The school continued to attract high-caliber students.
Walter F. George graduated in the Class of 1901 and went into law practice in Cordele and won judgeships on the Superior Court, the Court of Appeals, and finally the Georgia Supreme Court before winning election to the U.S. Senate in 1922. He served for 44 years, chaired the Foreign Relations Committee during World War II and at other times the Finance Committee, which put him in a key position to protect Georgia’s business interests, and became the president pro tem, third in line of succession to the American presidency.
Carl Vinson was in the Class of 1902. He became a powerful senior member of Congress and the only Mercer graduate with a nuclear-powered aircraft carrier bearing his name.
Another student in that class was R.C. Bell. As chief justice of the Georgia Supreme Court, Bell would be the speaker at the dedication of the Ryals Law Building, the law school’s first real home, in 1930 — just as the current chief justice, Michael P. Boggs, LAW ’90, is to be the speaker at the Law School’s 150th anniversary event in October.
By 1910, the last year with a one-year curriculum, there were 53 students in the graduating class.
In 1917, Mercer opened its Law School to women. That fall, Kathryne Pierce Jackson, known in the style of the day as Mrs. W.E. Jackson, enrolled. The Macon News described her as a teacher and “daughter of Sergeant Patrick Pierce of the police force.” Her husband was reported to work for the fire department. She became president of her senior Law School class. A week after graduation in 1919, she was co-counsel for one of three defendants in the mugging of a doctor on Orange Street and won the case. Three weeks later she became the first woman admitted to practice in Macon’s federal court.
Two more women enrolled that fall. It would be another 45 years, though, before the Law School had its first woman on the faculty: Leah Farb Chanin, a 1954 graduate, hired by the Law School’s longest-serving full-time dean, James P. Quarles (1954-69), to be law librarian and a professor. She served as interim dean 1986-87, the first woman in that role.
In 1920, the Law School got its first home, a makeshift repurposing of the dining room at Sherwood Hall on the Mercer campus. There was “only a partition separating the law library from the University laundry,” wrote Judge Bootle, who became a Mercer Life Trustee and the judge who ordered the integration of the University of Georgia in 1961.
Bigger changes were in store as the Roaring ’20s boosted the nation’s economy. The faculty was now largely full-time. The curriculum expanded to three years. In 1923, Rufus C. Harris, Mercer’s future president, joined the law faculty and led Mercer’s acceptance into the American Association of Law Schools that year and accreditation in 1925 by the American Bar Association. Harris also led the shift from lectures and texts into the discussions of case law.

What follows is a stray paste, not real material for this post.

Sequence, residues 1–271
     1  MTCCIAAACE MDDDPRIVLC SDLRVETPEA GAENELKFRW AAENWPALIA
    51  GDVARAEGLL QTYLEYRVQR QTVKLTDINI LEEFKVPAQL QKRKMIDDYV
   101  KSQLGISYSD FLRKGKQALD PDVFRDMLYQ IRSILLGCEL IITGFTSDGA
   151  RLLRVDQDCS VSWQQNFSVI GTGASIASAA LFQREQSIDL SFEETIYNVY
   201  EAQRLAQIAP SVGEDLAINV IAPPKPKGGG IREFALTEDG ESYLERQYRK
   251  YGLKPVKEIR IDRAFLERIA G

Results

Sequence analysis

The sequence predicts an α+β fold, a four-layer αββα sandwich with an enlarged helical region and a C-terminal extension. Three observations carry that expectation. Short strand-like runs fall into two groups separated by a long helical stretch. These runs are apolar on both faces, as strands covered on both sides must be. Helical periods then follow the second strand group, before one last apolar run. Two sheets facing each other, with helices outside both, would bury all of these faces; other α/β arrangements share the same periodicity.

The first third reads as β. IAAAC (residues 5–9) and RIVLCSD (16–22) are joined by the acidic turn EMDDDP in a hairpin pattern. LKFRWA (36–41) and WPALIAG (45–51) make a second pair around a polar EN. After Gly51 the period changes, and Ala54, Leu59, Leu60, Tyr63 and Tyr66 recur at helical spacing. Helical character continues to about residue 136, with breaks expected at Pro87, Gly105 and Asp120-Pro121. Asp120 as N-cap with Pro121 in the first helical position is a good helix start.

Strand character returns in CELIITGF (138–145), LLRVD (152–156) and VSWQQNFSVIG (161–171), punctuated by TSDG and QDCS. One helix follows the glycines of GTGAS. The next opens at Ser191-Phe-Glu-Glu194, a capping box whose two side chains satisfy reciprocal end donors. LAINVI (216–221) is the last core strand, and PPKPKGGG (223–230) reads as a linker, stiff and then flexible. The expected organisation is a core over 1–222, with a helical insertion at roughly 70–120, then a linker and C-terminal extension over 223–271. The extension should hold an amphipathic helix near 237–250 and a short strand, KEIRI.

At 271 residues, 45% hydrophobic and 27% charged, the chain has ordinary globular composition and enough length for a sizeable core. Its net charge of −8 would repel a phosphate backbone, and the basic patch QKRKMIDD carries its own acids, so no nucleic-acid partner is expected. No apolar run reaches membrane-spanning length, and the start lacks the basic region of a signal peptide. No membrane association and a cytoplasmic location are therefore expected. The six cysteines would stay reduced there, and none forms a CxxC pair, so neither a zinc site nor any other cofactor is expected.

In 1927, Mercer trustee Thomas E. Ryals, a partner in the Anderson law firm, offered to provide a fourth of the cost of a new building for the Law School if others would contribute the rest. More than 400 donors came forward. On June 2, 1930, Ryals Hall was dedicated with space for 125 students. It was the Law School’s first real home and housed the School for the next 48 years.
The Depression of the 1930s hit hard. Enrollment dropped to 45 for the fall of 1932. Judge Bootle, who had been U.S. Attorney in Macon under President Herbert Hoover, became part-time dean — all the School could afford.
After closing during World War II, the school reopened in 1945 with eight students. One was Griffin B. Bell from Americus, who had served in the Army’s Quartermaster Corp. Another was G. Harrold Carswell from Irwinton, who had entered the Navy in 1941. Bell went on to be a federal appellate judge and then attorney general of the United States and chairman of Mercer’s Board of Trustees. Carswell, who likewise became a federal appellate judge, was nominated by President Richard Nixon for the U.S. Supreme Court in 1969, but his nomination was rejected by the U.S. Senate.
On April 8, 1947, Mercer trustees renamed the school the Walter F. George School of Law. The Walter F. George Foundation was created with its own self-perpetuating board, and more than half-a-million dollars promptly poured in to honor George and support the School.
Also in 1947, F. Hodge O’Neal arrived as dean. In the spring of 1948, he announced that, for the first time, “the Law School finds itself unable to admit all who desire to enter.” He capped enrollment at 150 students. He also launched the state’s first law review.
The Law School was 75 years old.